Finally, I realized that I didn’t really want any open windows at all, and filled in the others with a sea green. Next we wet down the entire piece, using these nifty bonsai tree watering bulbs! The water was warm and mixed with an olive oil soap slurry.
After carefully wetting down the entire piece, we pressed the wool down to make sure the design wouldn’t shift any which way as we began the preliminary stages of felting the wool. Working from each side of the table, we used our bare hands to rub the layers of fabric in small, massaging motions.
Note: felting is oddly sensual, what with all the touching and feeling — it really takes me out of my comfort zone as a 4th generation Swedish-American.
Then I rolled up the entire thing, bubble wrap and all, and used extra-long rubber bands to hold the whole bundle together in a tube shape. Then I rolled 200 times. After that, we could see that the wool was beginning to felt gently together, but that it was not going through the silk at all yet. So I bundled it again and rolled a few more times. Then for about 20-35 minutes, we let the bundle roll on LadyFish’s super-cool felting machine. Then commenced the visit around the art gallery that is their home. Eventually we looked again at the wool and silk layers to ascertain whether any penetration had occurred. I told you it was sensual. Not yet! So we carefully re-rolled the whole thing in plastic wrap and I took it home like that–wet and soapy inside, but contained, and I stuck it into a plastic bag for the ride home. I got home feeling very tired and excited to see my felt come to fruition, yet also slightly dreading–what if I couldn’t get it to go through the fabric again? Ugh, rolling all night, and it still might not! I put on a few episodes of Rosemary & Thyme and and rolled and rolled and rolled. I rolled with my feet, I rolled on my lap, I stoop up and rolled on the table.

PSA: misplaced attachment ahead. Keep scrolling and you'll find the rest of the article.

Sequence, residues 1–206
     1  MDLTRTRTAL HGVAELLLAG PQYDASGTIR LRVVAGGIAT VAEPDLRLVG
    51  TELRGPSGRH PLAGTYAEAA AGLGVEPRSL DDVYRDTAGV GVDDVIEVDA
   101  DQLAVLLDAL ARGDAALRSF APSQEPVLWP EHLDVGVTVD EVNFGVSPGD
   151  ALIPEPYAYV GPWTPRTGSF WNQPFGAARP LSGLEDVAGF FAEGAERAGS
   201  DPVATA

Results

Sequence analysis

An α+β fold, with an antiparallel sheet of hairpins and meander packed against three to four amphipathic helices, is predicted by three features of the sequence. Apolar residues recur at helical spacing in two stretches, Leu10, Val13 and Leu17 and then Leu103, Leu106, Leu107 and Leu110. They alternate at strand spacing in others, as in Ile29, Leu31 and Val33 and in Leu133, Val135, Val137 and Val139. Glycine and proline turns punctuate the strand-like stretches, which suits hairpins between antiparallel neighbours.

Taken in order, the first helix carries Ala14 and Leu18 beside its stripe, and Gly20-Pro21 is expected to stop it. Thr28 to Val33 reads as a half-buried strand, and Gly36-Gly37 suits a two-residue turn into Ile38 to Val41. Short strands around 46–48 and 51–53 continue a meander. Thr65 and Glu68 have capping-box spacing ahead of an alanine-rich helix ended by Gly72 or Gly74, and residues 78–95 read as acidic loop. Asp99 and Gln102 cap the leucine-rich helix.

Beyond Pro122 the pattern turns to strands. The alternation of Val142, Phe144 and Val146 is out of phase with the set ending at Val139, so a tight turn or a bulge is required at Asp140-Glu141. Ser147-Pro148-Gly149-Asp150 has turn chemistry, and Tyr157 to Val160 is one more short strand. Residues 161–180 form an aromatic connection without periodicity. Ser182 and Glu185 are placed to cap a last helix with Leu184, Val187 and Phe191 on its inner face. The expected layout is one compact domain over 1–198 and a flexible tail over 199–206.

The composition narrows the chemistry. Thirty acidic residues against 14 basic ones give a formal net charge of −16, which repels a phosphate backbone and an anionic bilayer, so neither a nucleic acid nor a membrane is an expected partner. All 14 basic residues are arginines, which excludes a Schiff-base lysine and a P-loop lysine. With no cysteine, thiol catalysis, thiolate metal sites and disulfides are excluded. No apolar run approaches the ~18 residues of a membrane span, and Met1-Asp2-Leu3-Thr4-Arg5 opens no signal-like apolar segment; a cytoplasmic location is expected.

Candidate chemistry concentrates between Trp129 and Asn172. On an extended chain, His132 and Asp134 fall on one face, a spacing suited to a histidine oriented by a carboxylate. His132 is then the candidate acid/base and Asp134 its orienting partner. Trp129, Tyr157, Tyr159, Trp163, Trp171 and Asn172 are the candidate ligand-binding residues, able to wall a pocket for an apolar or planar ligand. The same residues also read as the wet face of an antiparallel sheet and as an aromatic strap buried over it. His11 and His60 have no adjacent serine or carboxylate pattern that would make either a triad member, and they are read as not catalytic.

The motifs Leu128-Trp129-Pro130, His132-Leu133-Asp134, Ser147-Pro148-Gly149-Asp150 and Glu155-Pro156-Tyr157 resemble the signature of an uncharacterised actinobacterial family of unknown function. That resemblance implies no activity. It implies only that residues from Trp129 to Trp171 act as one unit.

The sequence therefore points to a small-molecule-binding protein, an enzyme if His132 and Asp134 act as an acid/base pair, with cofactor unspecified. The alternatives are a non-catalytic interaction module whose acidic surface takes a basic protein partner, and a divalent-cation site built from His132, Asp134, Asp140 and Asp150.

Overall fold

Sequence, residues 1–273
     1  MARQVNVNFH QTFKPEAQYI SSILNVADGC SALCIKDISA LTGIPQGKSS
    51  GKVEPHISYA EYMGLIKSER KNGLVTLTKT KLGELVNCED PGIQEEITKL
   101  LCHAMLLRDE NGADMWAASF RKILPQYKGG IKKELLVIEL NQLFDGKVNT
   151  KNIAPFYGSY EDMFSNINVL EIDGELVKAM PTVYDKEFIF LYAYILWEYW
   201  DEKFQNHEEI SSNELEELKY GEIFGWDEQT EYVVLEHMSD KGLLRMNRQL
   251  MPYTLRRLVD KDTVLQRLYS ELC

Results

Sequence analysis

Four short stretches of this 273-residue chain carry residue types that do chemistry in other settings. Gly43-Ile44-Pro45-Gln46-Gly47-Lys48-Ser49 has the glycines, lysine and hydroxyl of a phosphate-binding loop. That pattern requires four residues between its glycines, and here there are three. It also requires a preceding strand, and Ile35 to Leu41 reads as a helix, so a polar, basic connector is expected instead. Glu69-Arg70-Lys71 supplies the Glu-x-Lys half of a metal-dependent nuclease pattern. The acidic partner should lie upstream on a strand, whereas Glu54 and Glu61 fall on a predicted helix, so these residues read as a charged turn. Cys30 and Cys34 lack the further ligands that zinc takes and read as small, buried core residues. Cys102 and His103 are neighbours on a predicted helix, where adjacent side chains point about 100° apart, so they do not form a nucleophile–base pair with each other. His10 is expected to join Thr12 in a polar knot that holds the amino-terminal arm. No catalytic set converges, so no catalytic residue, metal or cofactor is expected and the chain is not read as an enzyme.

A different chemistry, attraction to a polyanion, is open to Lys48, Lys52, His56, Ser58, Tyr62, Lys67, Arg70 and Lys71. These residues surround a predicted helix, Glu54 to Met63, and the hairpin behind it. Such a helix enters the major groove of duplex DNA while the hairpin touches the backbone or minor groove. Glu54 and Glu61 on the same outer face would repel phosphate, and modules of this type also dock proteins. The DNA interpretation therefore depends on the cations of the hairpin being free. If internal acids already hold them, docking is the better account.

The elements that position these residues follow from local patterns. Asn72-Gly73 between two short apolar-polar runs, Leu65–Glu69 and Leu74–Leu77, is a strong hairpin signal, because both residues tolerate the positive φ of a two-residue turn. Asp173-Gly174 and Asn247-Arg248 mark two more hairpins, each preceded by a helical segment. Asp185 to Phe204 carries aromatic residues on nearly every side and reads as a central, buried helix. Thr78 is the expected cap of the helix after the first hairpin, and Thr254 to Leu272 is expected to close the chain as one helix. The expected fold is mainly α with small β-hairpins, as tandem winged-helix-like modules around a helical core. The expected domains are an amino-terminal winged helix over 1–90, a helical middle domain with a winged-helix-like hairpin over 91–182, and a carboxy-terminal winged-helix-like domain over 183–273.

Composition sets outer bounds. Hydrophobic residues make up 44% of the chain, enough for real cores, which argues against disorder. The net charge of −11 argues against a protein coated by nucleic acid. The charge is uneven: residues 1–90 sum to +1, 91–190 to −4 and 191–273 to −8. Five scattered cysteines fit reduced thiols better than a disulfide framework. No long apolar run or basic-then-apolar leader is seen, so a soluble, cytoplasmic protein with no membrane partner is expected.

I unrolled the bundle periodically to check on the progress, and during one of the unrolls I noticed that my edges seemed to be drying, so I got out my own bonsai watering bulb and tried it out for the first time — LOVE that thing! Rolled and rolled and rolled and finally when I held it up to the light, I could see the tiny little wool fibers poking through the silk! Eureka! I had been ready to dry it out and admit my defeat (for that evening, anyway). Seeing those little hairs of fiber spurred me on to keep working into the night and I unrolled it again and rubbed, slapped, clapped on the fibers and they began to shrink and harden and tighten up!
I decided to do the throwing part now. I got into the bathtub and ran the water as hot as I could stand to touch and soaked the piece down. Then squeezed it a little and stood up, throwing it as hard as I could against the bottom of the tub. Bam! Bam! Bam! I’m sure the neighbors loved that. A little payback for making our apartment smell like an ashtray, heh heh heh… Rinsed it cold, then hot again. Bam, bam, splat! Time for a vinegar bath in cold water. 15 minutes later it was time for a clear bath in cold water. 15 more minutes later, I squeezed it out and hung it up to dry. I love it! The abstract design looks so much more interesting and purposeful than I thought it would. Since it is a shawl, the blocks of black and purple and the windows of lavender and sea green show up in a random yet balanced way. I’m thrilled!
Conferred with Linda at work on Thursday and learned that I need to full it some more. But I have pictures already and will show an update after I finalize the fulling process. Luckily, it’s not too late, you just wet it down again and keep working. “There are no mistakes in felting!”
Filed under: felting, fiber art, marvelings, merino, nuno felting, project chatter, roving, silk, wearables, wet felting, wool | Tagged: felting, fiber art, merino wool, nuno felting, scarf, shawl, silk, wet felting, wrap | Leave a Comment »